#1 Telemedicine will no longer be futuristic
Contrary to popular belief, telemedicine does not necessarily mean live video conferencing with a physician halfway across the country who lacks a full picture of the patient’s health status. Patients would rather receive “low tech” remote care from a local primary care physician they already know.
Telemedicine happens whenever an EHR system adds to a patient’s clinical chart the messages, pictures, or videos sent securely via smartphone. Use of smartphones for telemedicine will further increase with the introduction of add-on hardware for real-time collection of biometric data such as temperature, blood pressure and pulse.
This trend will be fueled by the expansion of reimbursement for non-face-to-face services. Medicare’s new billing code for Chronic Care Management is just one example of how the future of value-based care is not about 15-minute office visits, but instead keeping patients out of the office with follow-up phone calls about medications and answering patient questions via text.
#2 Practices will focus on reengineering patient access
As part of Medicare’s new Quality Payment Program, the Merit-based Incentive Payment System (MIPS) is designed to encourage providers to expand patient access with “practice improvement activities,” such as same-day appointments for urgent needs, longer office hours, and after-hours clinician advice.
Physicians also want to shift the responsibilities such as appointment scheduling from the office staff to the patient. Delegating that type of chore to the patient saves the staff time; and, patients not only don’t mind doing the work, they perceive value in self-service options that give them total control.
While tablet-based patient intake solutions have not become widespread because the hardware is costly and requires complex systems integration, simple web forms and PDF attachments can get the job done just as well.
#3 Physicians will get financially creative
A host of factors is pushing independent physicians to be more financially creative. These include the frustrations of making claims to insurance carriers, the new Medicare fee-for-value payments creating uncertainty in gauging reimbursement levels, and burnout with the “corporate medicine” model of seeing dozens of patients each day for lower fees.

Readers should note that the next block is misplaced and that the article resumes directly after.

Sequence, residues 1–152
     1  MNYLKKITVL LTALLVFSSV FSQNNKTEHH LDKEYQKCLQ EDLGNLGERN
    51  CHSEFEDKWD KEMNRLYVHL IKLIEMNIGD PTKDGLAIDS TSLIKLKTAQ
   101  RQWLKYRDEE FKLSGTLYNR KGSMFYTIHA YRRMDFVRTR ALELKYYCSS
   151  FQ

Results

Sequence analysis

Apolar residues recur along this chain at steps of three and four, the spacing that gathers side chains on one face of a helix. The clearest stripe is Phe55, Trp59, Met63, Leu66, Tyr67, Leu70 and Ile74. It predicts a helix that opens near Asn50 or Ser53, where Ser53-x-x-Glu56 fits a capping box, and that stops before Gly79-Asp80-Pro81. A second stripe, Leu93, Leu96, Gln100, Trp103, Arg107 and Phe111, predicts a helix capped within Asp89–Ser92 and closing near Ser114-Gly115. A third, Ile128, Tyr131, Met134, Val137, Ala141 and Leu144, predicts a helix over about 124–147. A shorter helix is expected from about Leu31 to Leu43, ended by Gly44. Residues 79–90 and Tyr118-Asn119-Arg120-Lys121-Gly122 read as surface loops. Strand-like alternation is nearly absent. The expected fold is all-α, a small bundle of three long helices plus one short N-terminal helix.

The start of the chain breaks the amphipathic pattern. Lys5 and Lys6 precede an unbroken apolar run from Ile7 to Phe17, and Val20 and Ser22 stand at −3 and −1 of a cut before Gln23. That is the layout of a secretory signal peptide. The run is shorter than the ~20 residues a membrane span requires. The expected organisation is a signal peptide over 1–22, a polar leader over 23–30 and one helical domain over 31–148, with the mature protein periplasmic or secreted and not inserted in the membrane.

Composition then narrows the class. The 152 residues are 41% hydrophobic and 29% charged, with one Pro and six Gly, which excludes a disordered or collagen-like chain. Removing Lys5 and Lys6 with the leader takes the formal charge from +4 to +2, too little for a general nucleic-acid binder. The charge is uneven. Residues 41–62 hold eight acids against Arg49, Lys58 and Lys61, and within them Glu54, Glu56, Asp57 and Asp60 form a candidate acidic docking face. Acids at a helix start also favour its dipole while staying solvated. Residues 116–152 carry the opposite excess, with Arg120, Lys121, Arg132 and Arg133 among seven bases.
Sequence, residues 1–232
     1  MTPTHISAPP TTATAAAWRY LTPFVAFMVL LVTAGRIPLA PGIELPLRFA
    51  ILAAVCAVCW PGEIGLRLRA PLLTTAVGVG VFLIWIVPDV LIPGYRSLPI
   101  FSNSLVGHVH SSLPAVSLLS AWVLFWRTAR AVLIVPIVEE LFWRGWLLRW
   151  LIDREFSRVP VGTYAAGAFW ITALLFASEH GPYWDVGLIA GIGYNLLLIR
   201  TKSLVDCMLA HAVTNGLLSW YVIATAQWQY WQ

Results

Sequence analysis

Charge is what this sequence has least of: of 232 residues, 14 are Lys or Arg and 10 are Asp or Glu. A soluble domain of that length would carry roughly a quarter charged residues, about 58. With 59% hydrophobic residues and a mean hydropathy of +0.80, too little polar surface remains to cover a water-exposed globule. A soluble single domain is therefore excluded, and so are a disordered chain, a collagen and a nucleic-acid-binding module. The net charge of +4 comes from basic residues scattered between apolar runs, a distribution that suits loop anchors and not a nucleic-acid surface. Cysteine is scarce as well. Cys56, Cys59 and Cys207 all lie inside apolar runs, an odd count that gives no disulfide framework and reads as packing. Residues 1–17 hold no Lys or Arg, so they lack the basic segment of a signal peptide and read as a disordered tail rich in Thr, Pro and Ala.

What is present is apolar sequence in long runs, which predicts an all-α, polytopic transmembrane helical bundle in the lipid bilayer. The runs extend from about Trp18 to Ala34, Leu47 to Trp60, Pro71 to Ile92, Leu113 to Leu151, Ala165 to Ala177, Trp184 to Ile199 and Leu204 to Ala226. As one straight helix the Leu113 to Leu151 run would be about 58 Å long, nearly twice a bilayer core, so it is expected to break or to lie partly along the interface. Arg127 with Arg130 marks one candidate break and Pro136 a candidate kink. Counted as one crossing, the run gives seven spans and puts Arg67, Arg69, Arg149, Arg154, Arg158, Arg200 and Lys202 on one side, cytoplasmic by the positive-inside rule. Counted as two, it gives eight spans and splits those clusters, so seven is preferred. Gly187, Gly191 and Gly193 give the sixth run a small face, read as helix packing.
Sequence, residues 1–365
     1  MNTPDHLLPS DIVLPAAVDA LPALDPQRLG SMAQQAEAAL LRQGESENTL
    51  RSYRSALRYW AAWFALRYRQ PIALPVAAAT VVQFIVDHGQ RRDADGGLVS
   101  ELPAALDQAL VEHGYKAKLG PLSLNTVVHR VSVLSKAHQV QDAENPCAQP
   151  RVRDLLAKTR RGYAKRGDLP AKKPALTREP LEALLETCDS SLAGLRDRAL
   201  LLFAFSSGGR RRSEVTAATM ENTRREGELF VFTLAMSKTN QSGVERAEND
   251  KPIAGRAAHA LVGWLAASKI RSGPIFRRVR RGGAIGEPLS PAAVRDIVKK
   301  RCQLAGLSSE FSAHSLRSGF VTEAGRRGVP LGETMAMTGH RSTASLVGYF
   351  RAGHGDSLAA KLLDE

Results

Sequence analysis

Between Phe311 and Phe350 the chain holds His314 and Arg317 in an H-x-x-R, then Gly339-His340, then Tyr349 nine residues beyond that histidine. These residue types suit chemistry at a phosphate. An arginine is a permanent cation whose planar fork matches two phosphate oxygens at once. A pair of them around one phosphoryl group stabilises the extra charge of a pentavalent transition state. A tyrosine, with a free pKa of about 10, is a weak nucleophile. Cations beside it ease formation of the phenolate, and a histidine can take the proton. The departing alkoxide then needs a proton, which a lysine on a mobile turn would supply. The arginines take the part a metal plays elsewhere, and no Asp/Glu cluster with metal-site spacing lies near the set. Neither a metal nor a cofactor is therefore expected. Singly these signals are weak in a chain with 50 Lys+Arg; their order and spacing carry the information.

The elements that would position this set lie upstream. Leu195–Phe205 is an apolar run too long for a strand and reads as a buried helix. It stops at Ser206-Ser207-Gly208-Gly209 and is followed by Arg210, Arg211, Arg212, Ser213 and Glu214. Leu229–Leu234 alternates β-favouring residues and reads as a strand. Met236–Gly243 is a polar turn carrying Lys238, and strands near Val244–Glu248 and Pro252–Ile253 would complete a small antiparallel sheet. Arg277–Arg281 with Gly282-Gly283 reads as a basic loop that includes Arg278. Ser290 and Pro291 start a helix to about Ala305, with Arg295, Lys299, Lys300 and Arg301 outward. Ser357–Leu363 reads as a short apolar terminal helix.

One example of financial creativity is the direct care model which establishes a financial relationship between patient and provider, cutting out the middleman of insurance payers. This model includes concierge and direct primary care, where patients become members who pay a fixed monthly fee for unlimited care. There are also a growing number of cash-only practices for walk-in and urgent care.
Beleaguered small practices under financial stress are also looking for novel ways to generate cash. The new rules allowing reimbursement of telemedicine and other non-face-to-face services will encourage physicians to bill for activities they were already doing for free, such as phone calls with patients to discuss medications.
#4 Physicians will opt out of Medicare thanks to MACRA.
Like all well-intentioned laws, The Medicare Access and CHIP Reauthorization Act of 2015 (MACRA) will have unintended consequences. Some providers in small independent practices will either opt-out of Medicare entirely, or decline to accept new Medicare patients if they currently fall below the threshold for exemption (less than $30,000 in Part B billings or 100 Part B patients).
To ease small practices into MACRA, the Final Rule issued by the Centers of Medicare & Medicaid Services (CMS) relaxed many of the requirements for 2017. By 2018, however, MACRA starts to impose more financial risk and stricter reporting requirements with less clarity around the return on investment. Small practices might just drop Medicare altogether and transition to a direct-care practice based on cash, membership, or a hybrid (see prediction #3 above).
#5 EHRs will become more interoperable
The next certification cycle from the Office of the National Coordinator for Health Information Technology (ONC) positions the EHR as a secure repository, allowing certified ancillary tools to be “snapped” into it. This will be driven by a new Application Programming Interface (API) called Fast Healthcare Interoperability Resources (FHIR). FHIR is a more granular way to exchange data without the rigid workflow of traditional Health Level Seven International (HL7).
Providers will benefit from the broader choice of technology solutions that can be used alongside the EHR to improve overall outcomes. Amazing Charts is currently developing a FHIR API to connect our EHR with other best-of-breed vendors for solutions such as population health management. This way small practices can leverage their investments in EHR systems to the maximum extent possible.
Furthermore, MIT researchers have proposed a cryptocurrency-backed system (like Bitcoin), called MedRec, for managing medical records that use the Ethereum blockchain. It is a novel, decentralized record management system for EHRs that uses blockchain technology to manage authentication, confidentiality, accountability, and data sharing.